MaaviLakku or Maavizhakku [Maav viLakku] or literally Maavu ViLakku where Maavu – Flour, ViLakku – oil lamp with a wick, which literally means an oil lamp made of flour in Tamil.
MaaviLakku : Sacred edible dough lamp. Also, one of my favorite sacred food offering traditions that I prefer not to miss every year.
It is neither a sweet treat nor just a device for worship. It is much more than that; a culmination of food, culture and tradition in one beautiful rice preparation. Goes to show the supreme importance rice as a grain enjoys and how the trio of coconut, rice and jaggery is an intrinsic part of our South Indian culture in ways more than for sustenance.
the edible dough lamp is made by binding a tight dough out of raw rice flour freshly ground from damp and towel dried rice, fresh gratings from a coconut broken solely for this purpose, jaggery shavings, cardamom dust and some saffron, all mixed together in devotion.
It is prepared particularly on PurattAsi (Perataashi) Shani kizhamai i.e, four Saturdays in the PurattAsi month of the Tamizh calendar, as an offering “Naivedhyam“to Lord Srinivasa, PurattAsi Shravanam being his birth star. Time and all else permitting, this ritual can be performed on all the four Saturdays of that month, if not, at least on two Saturdays either odd or even weeks like the 1st and 3rd or the 2nd and 4th. I was able to observe the ritual neither on the 1st, 2nd nor the 3rd Saturday and hence performed the ritual with two Maavilakku’s on the 4th or last Saturday as per household elder’s suggestions.
All four Saturdays of the month are specially celebrated by making edible rice flour lamps lit only with pure homemade Cow Ghee or Nei.
The hand moulded sweetened rice flour lamp is made to resemble a hill, symbolic of the Tirumala (Tirupathi temple is surround by seven peaks) with two pits – left pit filled with Ghee for Padmavathi and the right pit with the wick as a symbolic of Venkateshwara or Srinivasa himself.
Best part is that the edible lamp is completely raw food – raw rice flour (freshly ground damp rice), freshly grated coconut, jaggery, cardamom dust and some saffron, all mixed together. Of course, if we do not count the Ghee for the lamp.
Optionally Pacchakarpooram / edible camphor (not the camphor used for MangalArati) can also be added to prepare the Maavilakku. However, my personal experience forces me to caution against using it unless you are aware of its effects when used in larger quantities. In any case, if you are still tempted to use it, the size of a mustard or two is more than enough for the quantities given in my recipe.
What I love is that ancient Indian cuisine knew when and how to use raw foods without overdoing, much before any of it became a revolution. And intertwined it with culture. I find it very fascinating every time how food is an intrinsic part of our cultural fabric. Isn’t it?
My earliest memories of “Maavilakku” are that of watching my aunt Ve [Vay] religiously and devoutly create them on all the Saturdays of that month, during my growing up years at my Taatha’s (maternal grand dad) place. In orthodox Iyengar families like my Taatha’s, the procedure to prepare Maavilakku was rather uncompromising due to reasons of “Madi” and hence consisted of starting from scratch with soaking rice in water for a few hours, then lightly dried, pounded with a wooden pounding staff and repeatedly sieved till the rice flour of the required consistency is obtained.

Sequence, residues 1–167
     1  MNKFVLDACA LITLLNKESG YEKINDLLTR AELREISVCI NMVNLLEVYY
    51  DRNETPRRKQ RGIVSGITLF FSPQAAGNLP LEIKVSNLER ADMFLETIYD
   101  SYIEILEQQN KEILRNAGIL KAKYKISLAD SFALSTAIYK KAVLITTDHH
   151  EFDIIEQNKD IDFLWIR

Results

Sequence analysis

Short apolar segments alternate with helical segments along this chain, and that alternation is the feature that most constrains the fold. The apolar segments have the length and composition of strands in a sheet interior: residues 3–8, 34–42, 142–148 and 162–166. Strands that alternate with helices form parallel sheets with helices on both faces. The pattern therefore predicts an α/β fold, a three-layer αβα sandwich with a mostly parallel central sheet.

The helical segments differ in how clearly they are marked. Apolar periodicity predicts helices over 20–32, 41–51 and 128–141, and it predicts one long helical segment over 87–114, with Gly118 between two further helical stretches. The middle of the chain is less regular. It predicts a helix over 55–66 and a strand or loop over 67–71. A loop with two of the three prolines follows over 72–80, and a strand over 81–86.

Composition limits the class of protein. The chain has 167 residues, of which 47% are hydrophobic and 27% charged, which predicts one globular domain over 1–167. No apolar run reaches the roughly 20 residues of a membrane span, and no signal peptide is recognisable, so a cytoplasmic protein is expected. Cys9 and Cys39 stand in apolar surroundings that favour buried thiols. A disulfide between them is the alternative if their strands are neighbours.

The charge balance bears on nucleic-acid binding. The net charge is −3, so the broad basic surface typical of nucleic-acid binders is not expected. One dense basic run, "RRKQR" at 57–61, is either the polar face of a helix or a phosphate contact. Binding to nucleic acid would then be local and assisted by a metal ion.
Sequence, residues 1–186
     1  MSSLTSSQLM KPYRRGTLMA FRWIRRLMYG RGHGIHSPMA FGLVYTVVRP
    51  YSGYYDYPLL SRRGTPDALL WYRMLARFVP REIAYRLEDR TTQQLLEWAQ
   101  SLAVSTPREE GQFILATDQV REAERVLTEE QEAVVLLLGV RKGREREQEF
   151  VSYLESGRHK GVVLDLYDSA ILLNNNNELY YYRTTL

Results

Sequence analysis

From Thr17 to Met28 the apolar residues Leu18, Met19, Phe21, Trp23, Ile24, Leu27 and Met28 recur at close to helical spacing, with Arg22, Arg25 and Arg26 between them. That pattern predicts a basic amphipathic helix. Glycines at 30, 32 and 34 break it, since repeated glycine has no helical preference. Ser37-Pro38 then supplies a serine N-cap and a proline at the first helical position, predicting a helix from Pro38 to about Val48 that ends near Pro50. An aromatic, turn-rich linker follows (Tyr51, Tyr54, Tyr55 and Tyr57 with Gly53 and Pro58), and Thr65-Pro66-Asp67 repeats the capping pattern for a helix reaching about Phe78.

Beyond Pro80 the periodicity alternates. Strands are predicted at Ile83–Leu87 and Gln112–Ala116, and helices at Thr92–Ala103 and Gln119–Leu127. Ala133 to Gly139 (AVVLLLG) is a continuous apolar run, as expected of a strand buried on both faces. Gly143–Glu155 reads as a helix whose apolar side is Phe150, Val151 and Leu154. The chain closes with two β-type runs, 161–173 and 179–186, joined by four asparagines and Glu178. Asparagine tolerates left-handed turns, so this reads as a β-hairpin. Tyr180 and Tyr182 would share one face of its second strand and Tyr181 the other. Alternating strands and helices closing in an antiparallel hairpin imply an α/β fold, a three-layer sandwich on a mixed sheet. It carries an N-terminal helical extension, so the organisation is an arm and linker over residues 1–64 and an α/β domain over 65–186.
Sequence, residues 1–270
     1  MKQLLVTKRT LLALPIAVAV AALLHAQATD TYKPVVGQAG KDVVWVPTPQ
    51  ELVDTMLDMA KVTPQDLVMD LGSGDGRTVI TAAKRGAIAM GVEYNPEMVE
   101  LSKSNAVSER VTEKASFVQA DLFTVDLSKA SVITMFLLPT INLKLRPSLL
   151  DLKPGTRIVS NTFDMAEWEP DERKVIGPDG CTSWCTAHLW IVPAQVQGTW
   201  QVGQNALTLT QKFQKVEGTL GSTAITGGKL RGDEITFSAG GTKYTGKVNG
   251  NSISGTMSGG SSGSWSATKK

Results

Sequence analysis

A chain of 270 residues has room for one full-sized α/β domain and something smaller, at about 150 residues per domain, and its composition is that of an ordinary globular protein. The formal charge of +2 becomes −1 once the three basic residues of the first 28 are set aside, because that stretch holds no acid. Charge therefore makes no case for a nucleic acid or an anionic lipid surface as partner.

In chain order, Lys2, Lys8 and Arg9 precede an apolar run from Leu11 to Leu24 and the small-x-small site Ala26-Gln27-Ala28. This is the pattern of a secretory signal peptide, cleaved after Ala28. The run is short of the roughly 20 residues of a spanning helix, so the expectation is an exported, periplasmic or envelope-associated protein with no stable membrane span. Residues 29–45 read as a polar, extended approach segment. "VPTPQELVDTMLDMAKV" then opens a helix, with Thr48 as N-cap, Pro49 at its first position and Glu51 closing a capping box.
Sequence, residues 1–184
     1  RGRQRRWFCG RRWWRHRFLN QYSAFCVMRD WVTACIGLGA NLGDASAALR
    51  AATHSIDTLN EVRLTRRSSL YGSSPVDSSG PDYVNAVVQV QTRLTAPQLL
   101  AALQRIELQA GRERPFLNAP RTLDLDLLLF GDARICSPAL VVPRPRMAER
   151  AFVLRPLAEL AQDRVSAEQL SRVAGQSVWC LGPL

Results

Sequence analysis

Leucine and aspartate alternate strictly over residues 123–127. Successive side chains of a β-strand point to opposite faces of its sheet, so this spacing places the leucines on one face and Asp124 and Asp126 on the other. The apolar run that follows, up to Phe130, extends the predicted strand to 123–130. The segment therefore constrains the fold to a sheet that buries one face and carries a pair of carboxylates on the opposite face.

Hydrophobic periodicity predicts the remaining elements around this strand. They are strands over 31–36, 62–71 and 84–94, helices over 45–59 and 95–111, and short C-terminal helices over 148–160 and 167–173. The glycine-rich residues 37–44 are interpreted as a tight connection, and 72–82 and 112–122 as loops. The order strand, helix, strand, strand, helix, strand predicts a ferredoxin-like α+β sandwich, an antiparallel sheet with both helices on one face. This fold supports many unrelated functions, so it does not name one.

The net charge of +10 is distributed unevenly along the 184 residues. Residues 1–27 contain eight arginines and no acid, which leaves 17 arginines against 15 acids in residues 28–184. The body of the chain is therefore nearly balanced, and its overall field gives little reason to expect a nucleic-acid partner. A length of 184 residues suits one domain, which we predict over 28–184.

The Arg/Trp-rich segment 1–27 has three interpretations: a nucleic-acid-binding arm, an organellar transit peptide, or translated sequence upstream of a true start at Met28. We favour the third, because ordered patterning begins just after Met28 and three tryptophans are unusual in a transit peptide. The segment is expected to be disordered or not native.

Now-a-days, self confessedly, such rigorous care is not possible for most of us (including me) and therefore, I have simply started with ready-made rice flour.
Similar forms of this sweet aka “Thambittu” [ Thum bit too] are prepared in Karnataka among several communities too, on other different festive occasion like Mangala Gowri Vrata or Shivaratri and as Pindi Deepam in Andhra during Karthika Pournami as well as during the welcoming of a new bride into her new home.
More details on the Whys and How’s of this ritual can be found here and here.
To offer prayers:
Shape the dough into a small hill with a shallow pit at the top and part it in the middle.
Place two cotton wicks in the left partition and wet them with ghee. Pour the remaining ghee in the right partition.*
Light the cotton wicks and offer prayers to Lord Venkateshwara.
Wait for the light to subside on its own. The “Maavu” can now be distributed as Prasadam or on a pair of betel leaves and betel nuts (in pairs) aka “Tambulam“.
- 1/2 cup Rice flour
- 1/2 cup Jaggery mashed / grated
- 1/2 cup grated coconut
- 4 cardamom powdered
- a pinch of Saffron
- 1 tbsp milk for the saffron to leave color
- 2 - 3 tbsp Ghee
Mix together in a bowl, grated coconut, jaggery and powdered cardamom and set aside for 15 mins so the jaggery melts and blends in.
Warm up the milk and soak the saffron for 10-15 mins until it leaves color.
Add in the rice flour, saffron milk and 2 tsp of ghee to the coconut jaggery mixture and mix well. Do not add any more milk or water to this.
Shape it into moulds, make pits for lighting Deepam as explained above in the post.
This is great art with food. It looks really tempting and the recipe appears simple (thanks to your cooking guidance). Will surely give it a try. Apart from food, the rangoli design is very beautiful.
Thank you. It is indeed flattering. Do share with me on how it came out.
wow love this, thank you for sharing this with us. Do you know whether we are allowed to use this lamp on other occasions as well? Or is it only specifically for these days?
Radhika @ Just Homemade says
Shay, I am not sure about using it on other occasions. In our house, it is only during this month of Shravana
Radhika @ Just Homemade says
Thanks for sharing Surya..